Automaker still has eyes set on building 60,000 of its electric cars this year despite weak sales
DETROIT—General Motors Co. (GM) is delaying plans to add a second shift at its plant that makes Chevrolet Volt electric cars.
The automaker says it has found ways to make one shift more efficient so it can produce the same number of cars as two shifts.
GM will, however, still add 300 workers at the Detroit-Hamtramck plant, but not a second shift, by the end of 2011.
In May, the company announced it would add a second shift late this year to increase Volt production from 16,000 per year to 60,000.
A second shift will be added, but not until the last half of 2012, when the plant also starts producing the 2013 Chevrolet Malibu and the Impala.
GM says the change had nothing to do with Volt sales, which have been slower than expected., suggesting demand for the car still is strong and it will stick to its plan to build 60,000 next year, which includes the Opel Ampera, a European version of the Volt.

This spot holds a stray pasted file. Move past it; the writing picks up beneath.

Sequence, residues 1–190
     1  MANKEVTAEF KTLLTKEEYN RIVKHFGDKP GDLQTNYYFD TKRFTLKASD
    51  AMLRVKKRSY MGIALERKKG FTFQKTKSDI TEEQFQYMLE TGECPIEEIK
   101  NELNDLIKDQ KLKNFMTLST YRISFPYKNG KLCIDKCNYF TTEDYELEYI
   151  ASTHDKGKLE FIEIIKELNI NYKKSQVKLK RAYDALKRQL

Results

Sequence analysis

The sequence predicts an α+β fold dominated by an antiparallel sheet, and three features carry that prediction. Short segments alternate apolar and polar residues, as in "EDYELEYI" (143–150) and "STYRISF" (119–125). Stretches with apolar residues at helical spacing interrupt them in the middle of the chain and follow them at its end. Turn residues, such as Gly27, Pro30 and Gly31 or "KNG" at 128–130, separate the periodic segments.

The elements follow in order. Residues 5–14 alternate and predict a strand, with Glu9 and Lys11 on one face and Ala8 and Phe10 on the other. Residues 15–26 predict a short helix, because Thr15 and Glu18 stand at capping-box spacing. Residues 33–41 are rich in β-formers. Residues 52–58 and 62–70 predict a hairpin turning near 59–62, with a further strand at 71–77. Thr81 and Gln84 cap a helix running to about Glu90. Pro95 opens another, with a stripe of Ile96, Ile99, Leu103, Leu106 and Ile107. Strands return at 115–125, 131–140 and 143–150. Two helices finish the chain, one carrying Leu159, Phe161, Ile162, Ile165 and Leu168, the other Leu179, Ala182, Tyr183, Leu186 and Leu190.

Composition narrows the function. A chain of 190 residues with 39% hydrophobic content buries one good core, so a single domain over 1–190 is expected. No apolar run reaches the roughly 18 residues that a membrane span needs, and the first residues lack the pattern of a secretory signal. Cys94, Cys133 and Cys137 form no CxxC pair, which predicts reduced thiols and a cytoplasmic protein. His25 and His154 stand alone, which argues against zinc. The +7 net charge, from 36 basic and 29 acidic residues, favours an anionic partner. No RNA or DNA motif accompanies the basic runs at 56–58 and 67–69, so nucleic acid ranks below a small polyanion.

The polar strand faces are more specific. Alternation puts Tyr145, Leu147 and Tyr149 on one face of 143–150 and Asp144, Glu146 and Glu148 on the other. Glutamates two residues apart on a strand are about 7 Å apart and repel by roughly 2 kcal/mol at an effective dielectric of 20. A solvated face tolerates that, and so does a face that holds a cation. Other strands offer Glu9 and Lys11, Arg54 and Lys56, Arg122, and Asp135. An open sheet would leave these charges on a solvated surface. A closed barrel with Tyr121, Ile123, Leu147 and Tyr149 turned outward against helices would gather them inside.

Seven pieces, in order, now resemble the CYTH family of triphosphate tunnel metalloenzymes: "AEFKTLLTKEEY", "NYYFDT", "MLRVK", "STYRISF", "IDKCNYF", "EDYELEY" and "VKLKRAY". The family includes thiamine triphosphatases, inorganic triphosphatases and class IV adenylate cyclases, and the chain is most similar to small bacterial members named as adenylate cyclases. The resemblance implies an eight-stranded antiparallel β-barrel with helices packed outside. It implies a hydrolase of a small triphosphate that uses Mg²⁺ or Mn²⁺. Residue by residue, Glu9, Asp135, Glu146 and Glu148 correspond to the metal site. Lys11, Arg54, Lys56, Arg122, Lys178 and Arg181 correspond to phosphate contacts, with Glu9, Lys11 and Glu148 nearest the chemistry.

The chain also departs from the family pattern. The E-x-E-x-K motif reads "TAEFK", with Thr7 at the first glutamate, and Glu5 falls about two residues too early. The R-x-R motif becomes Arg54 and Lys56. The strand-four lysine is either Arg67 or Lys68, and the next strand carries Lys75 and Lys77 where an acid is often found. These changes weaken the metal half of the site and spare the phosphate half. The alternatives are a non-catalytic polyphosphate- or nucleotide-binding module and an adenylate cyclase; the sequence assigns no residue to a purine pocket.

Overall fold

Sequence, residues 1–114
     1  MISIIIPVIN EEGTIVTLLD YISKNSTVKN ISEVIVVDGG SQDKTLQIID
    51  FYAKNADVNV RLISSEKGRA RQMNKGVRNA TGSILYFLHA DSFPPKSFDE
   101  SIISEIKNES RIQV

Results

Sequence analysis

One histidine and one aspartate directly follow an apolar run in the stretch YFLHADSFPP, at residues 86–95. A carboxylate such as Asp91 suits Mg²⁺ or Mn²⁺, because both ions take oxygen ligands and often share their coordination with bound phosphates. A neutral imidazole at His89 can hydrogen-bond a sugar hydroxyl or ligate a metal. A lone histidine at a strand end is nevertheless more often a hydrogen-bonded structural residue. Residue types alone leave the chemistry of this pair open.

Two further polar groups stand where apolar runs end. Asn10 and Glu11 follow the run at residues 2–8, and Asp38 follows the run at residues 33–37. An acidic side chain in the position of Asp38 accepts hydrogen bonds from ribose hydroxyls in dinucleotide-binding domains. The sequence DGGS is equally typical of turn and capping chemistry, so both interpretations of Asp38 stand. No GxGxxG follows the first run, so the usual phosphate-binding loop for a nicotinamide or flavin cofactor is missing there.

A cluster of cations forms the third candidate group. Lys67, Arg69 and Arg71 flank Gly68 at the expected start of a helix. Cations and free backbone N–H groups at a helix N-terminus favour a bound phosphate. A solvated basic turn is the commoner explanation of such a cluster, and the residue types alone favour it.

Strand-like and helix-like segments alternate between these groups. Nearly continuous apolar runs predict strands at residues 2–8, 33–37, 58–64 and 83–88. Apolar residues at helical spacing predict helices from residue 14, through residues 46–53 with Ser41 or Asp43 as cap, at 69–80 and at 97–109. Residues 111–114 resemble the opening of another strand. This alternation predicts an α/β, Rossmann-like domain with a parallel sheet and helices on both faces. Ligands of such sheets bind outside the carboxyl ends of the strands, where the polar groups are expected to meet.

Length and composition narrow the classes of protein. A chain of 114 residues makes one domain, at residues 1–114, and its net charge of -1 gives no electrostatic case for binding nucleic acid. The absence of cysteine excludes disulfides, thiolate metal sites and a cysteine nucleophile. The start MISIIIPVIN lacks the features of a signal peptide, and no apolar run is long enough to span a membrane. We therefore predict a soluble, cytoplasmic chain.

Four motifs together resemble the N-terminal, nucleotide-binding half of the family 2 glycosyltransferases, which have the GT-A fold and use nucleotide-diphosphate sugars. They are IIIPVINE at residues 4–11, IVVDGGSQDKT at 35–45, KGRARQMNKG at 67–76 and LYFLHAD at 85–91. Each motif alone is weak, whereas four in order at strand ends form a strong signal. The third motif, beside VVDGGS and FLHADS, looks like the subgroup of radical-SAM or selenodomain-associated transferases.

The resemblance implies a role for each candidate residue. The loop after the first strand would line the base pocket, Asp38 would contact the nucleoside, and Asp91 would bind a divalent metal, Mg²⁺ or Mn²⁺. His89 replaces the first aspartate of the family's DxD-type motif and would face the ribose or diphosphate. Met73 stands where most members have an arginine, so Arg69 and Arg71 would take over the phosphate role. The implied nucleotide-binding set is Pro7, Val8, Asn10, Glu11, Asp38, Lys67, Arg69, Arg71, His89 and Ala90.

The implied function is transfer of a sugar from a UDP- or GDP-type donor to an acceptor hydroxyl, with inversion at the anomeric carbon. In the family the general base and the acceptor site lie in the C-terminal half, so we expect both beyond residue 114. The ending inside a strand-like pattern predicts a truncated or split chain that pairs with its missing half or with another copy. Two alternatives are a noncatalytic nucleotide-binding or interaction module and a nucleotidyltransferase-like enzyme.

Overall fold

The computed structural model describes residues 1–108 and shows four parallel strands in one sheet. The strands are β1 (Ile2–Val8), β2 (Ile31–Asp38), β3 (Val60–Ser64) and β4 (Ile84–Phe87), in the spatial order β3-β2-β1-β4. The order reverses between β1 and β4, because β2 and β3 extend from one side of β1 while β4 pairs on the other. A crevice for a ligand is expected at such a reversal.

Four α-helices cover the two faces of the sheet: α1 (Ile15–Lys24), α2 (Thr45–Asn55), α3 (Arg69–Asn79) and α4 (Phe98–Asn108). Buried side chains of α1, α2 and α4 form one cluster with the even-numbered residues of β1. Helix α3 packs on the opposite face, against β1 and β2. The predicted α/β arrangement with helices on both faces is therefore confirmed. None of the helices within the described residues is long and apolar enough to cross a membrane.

Through September, GM has sold only 3,895 Volts, far short of its goal of 10,000.
But the car, which can run on battery power for about 35 miles before a gasoline generator kicks in, is only on sale in 27 states and should be for sale nationwide by year-end.
GM plans to add more than 200 jobs when the second shift arrives next year. The plant, which straddles the border between Detroit and the enclave of Hamtramck, now has about 1,000 workers.
In May, GM hinted it would add another 2,500 jobs once the second and third shifts were added to the plant and that it would invest $69 million for new equipment.
To accommodate the increased Volt production, GM will add a second shift at a plant that assembles Volt battery packs.
The new jobs are part of a larger GM expansion to create or keep about 4,000 jobs by investing $2 billion in 17 factories in the U.S.